April 22, 2019

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U.N. Victims of Ethiopia Plane Crash Worked in World’s Trouble Spots

U.N. Victims of Ethiopia Plane Crash Worked in World’s Trouble Spots
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Two days before Joanna Toole, a United Nations fisheries consultant, boarded an Ethiopian Airlines flight from Addis Ababa, Ethiopia, to Nairobi, Kenya, she tweeted that she was happy to be among an increasing number of women working for the United Nations Food and Agriculture Organization.

“Great to be part of the growing number of women” working on fisheries issues, she wrote, adding a hashtag referring to International Women’s Day.

On Sunday, Ms. Toole, from southwest England, was among at least 22 people who worked for United Nations-affiliated agencies who were killed when the Kenya-bound flight crashed after takeoff. The crash killed all 157 people aboard and raised questions about the safety of the model of aircraft, the Boeing 737 Max 8.

The crash — of a flight that had been nicknamed the “U.N. shuttle” because of how often United Nations staff members take it — has also highlighted the organization’s work in some of the world’s most troubled regions, from South Sudan to North Korea.

The United Nations said its staff members on the flight had worked with several agency programs and affiliated organizations, as well as United Nations offices in Kenya and Somalia.

The United Nations secretary general, António Guterres, offered “heartfelt condolences” to the families and loved ones of the United Nations staff members who died in the crash. He also said in an email to staff that flags at United Nations offices would fly at half-mast on Monday to honor the victims.

The World Food Program said seven of its staff members had died in the crash, the most of any United Nations organization. The program’s work focuses on widespread hunger caused by war or instability in Nigeria, South Sudan and Yemen, among other countries.

“As we mourn, let us reflect that each of these W.F.P. colleagues were willing to travel and work far from their homes and loved ones to help make the world a better place to live,” David Beasley, the head of the program, said in a statement. “That was their calling, as it is for the rest of the W.F.P. family.”

The World Food Program victims included Ekta Adhikari of Nepal, who had worked for the program in Ethiopia; Michael Ryan of Ireland, who had helped Rohingya refugees in Bangladesh prepare for seasonal monsoons; and Zhen-Zhen Huang of China, who had worked in Pyongyang, the North Korean capital.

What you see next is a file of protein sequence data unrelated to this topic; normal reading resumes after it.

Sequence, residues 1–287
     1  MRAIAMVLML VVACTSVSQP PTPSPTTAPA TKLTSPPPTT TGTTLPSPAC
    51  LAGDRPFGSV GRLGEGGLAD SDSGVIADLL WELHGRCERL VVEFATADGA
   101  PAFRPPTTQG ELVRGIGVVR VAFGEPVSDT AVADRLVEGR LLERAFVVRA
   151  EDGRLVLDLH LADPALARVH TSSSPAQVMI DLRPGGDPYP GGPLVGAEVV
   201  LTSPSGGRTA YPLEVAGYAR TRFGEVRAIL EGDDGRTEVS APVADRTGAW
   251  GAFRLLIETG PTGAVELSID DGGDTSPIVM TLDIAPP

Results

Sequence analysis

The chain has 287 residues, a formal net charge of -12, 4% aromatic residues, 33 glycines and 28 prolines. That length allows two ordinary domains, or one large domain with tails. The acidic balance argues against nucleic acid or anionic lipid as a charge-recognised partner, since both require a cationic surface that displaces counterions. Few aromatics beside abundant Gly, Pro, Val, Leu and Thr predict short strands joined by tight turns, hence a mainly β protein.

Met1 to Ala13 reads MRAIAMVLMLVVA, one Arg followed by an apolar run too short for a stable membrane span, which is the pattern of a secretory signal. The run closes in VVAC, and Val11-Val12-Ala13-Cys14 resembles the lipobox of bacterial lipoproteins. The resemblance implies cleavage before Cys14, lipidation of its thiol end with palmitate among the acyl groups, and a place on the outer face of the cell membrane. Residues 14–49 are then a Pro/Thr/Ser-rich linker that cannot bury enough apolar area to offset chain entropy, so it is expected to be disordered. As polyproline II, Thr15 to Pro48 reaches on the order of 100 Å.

“I cannot imagine the loss felt by your loved ones, especially your son,” one of Ms. Huang’s colleagues, Faizza Tanggol, wrote on Twitter.

Other victims of the crash had been traveling to United Nations events. One was Sebastiano Tusa, an underwater archaeologist from Italy who had been traveling to Kenya for a Unesco conference about safeguarding underwater cultural heritage in Eastern Africa.

Others, including Ms. Toole, were traveling to the United Nations Environment Assembly, a meeting in Kenya this week focusing on issues like sustainable development and environmental challenges related to poverty, natural resources and waste management.

Another person traveling to that gathering was Victor Tsang, a gender expert from Hong Kong who worked for the United Nations Environment Program in Nairobi. According to his biography on the Environment Program website, Mr. Tsang had worked in Chad, Ethiopia, Panama and South Sudan.

A Twitter account that appears to be Mr. Tsang’s says that while his profession was working on sustainable development, his passion was camping with his 2-year-old son in the family’s garden. His penultimate Twitter post appears to show him dancing with colleagues on Valentine’s Day to celebrate sustainable development.

“Victor was so dedicated, and a dear colleague,” one of his former colleagues in Nairobi, Oona Tully, wrote on Twitter.

Ms. Toole, the fisheries expert from England, had been traveling to the Environment Assembly to represent the Food and Agriculture Organization’s Fisheries and Aquaculture Department, Manuel Barange, the department’s director, wrote on Twitter.

Ms. Toole, 36, was from Exmouth, in the southwestern English region of Devon. The Exmouth Journal reported that she had attended a local community college before studying animal behavior at the university level.

“Everybody was very proud of her and the work she did. We’re still in a state of shock,” her father, Adrian Toole, told the local news site Devon Live. “Joanna was genuinely one of those people who you never heard a bad word about.”

Ms. Toole, who had kept homing pigeons and pet rats as a child, often posted on social media about initiatives to protect animals from marine pollution and make the fishing industry more environmentally friendly.

Her father retweeted her penultimate post, about her friend who was paddle boarding around the Maldives to raise money for turtles affected by derelict fishing gear.

Mr. Toole’s next retweet was of a post on the same day by the Dalai Lama, the exiled Tibetan spiritual leader.

“We won’t bring about peace in the world merely by praying for it; we have to take steps to tackle the violence and corruption that disrupt peace,” the Dalai Lama wrote. “We can’t expect change if we don’t take action.”





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